The Supreme Court, though, took the opportunity to address the question of the admissibility of punitive damages in Italy, changing the previous orientation (see Cass. 1781/2012).

According to the Court, the concept of civil liability as mere compensation of the damage suffered is to be considered obsolete, given the evolution of this institute through national and European legislation and case-law that introduced civil remedies intended to punish the wrongdoer. As a matter of fact, in our system, it’s possible to find several cases of damages with sanctioning function: in the matter of libel by press (art. 12 L. 47/48), copyright (art. 158 L. 633/41), industrial property (art. 125 D. Lgs. 30/2005), abuse of process (art. 96 comma 3 c.p.c. e art. 26 comma 2 c.p.a.), labour law (art. 18, comma 14), family law (art. 709-ter c.p.c.) and others.

The Supreme Court has, therefore, stated the following principle: “Under Italian law, civil liability is aimed not only to compensate for losses incurred by the injured party, but also to reform the defendant and others from engaging in conduct similar. Therefore, the US legal institute of punitive damages is not incompatible with the Italian legal system”.

The important consequence is that this decision opens the door to possible recognition of foreign sentences that condemn a party to pay a sum higher than the amount sufficient to compensate the suffered injury as a result of the damage.

To that end, however, the Supreme Court has set certain conditions so that foreign sentences have validity, that is to say that the decision is made in foreign law system on a normative basis that:

  1. Clearly establish the cases in which it is possible to convict a party to pay punitive damages; and
  2. The predictability of it; and
  3. Establish quantitative limits.

It has to be clarified that the sentence has not modified the Italian system of civil liability. In other words, the sentence will not allow Italian Judges to establish punitive damages under Italian law.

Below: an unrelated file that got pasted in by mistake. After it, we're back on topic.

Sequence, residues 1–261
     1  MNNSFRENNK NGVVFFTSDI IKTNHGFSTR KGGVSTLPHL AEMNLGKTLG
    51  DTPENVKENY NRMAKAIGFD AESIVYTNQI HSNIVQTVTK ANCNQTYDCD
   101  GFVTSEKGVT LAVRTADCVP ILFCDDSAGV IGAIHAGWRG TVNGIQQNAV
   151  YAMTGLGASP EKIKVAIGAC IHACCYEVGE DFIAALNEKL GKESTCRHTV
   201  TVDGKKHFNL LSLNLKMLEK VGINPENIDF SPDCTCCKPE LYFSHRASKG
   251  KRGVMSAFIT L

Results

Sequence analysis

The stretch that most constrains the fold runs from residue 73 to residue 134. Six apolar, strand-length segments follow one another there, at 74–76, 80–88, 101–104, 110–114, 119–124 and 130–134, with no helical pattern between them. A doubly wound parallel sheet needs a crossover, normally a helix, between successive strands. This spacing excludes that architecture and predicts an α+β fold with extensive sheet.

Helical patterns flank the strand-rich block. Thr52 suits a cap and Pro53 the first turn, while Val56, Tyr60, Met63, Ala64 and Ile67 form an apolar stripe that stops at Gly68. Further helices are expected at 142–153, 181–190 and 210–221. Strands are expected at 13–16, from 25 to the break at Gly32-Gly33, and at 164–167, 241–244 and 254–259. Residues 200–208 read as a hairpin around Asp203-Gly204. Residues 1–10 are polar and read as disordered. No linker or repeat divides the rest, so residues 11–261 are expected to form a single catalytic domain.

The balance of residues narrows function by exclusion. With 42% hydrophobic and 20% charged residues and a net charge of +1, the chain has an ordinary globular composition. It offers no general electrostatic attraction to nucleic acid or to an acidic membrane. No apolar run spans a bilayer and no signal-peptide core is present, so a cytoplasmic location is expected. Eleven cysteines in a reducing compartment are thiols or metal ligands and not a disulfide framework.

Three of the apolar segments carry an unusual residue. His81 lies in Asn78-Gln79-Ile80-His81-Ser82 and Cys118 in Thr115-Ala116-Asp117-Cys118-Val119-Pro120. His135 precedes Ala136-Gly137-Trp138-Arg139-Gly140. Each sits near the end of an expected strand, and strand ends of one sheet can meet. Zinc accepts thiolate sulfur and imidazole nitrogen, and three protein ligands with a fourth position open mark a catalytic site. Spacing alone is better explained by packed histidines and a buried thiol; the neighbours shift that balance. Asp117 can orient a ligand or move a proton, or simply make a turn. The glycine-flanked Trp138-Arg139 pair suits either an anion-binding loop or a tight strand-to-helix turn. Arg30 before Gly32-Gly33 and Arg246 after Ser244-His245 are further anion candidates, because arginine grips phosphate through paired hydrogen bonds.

As for foreign court decisions, it will be now possible to obtain a compensation for punitive damages through the recognition and enforcement of a foreign judgment, as long as they respect the above requirements.

Extending our view beyond the Italian borders, we notice that punitive damages are alien to the legal tradition of most of  European States: there is the possibility, though, that other Courts of continental Europe might follow the decision of the Italian Supreme Court and recognize foreign judgments which grant punitive damages.


How to prevent this new risk

There are several measures which businessmen can adopt to mitigate this new risk: firstly the adoption of contractual clauses that exclude this kind of damages or establish a cap on the amount of the contractual damages which can be claimed, for example by limiting the value of damages at the price of the products or services provided.

Furthermore, it’s very important to have an overall knowledge of the legislation and case law of the markets in which the enterprise operates, even indirectly (for example: with the commercial distribution of products) in order to choose consciously the applicable law to the contract and the dispute resolution methods (for example: establishing the jurisdiction in a country that does not provide for punitive damages).

Finally, this type of liability and risk may also be covered by a product liability insurance.

Roberto Luzi Crivellini